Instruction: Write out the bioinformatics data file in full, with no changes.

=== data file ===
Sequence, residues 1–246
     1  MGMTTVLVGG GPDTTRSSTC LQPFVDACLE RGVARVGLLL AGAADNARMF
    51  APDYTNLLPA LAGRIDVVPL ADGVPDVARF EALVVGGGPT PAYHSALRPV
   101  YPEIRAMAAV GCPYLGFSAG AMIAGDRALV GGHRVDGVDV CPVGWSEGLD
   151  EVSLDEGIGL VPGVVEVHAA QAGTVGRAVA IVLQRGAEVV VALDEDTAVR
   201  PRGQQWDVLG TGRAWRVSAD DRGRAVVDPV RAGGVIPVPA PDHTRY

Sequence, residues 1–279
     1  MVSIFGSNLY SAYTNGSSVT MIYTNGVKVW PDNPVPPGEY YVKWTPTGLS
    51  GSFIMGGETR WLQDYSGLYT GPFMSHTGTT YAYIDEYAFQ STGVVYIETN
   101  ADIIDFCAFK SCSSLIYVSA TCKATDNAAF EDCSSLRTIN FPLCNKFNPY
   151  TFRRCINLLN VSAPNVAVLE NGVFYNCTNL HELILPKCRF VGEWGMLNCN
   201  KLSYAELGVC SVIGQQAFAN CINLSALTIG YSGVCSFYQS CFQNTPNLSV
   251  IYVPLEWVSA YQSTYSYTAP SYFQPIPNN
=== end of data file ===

Sequence, residues 1–246
     1  MGMTTVLVGG GPDTTRSSTC LQPFVDACLE RGVARVGLLL AGAADNARMF
    51  APDYTNLLPA LAGRIDVVPL ADGVPDVARF EALVVGGGPT PAYHSALRPV
   101  YPEIRAMAAV GCPYLGFSAG AMIAGDRALV GGHRVDGVDV CPVGWSEGLD
   151  EVSLDEGIGL VPGVVEVHAA QAGTVGRAVA IVLQRGAEVV VALDEDTAVR
   201  PRGQQWDVLG TGRAWRVSAD DRGRAVVDPV RAGGVIPVPA PDHTRY

Sequence, residues 1–279
     1  MVSIFGSNLY SAYTNGSSVT MIYTNGVKVW PDNPVPPGEY YVKWTPTGLS
    51  GSFIMGGETR WLQDYSGLYT GPFMSHTGTT YAYIDEYAFQ STGVVYIETN
   101  ADIIDFCAFK SCSSLIYVSA TCKATDNAAF EDCSSLRTIN FPLCNKFNPY
   151  TFRRCINLLN VSAPNVAVLE NGVFYNCTNL HELILPKCRF VGEWGMLNCN
   201  KLSYAELGVC SVIGQQAFAN CINLSALTIG YSGVCSFYQS CFQNTPNLSV
   251  IYVPLEWVSA YQSTYSYTAP SYFQPIPNN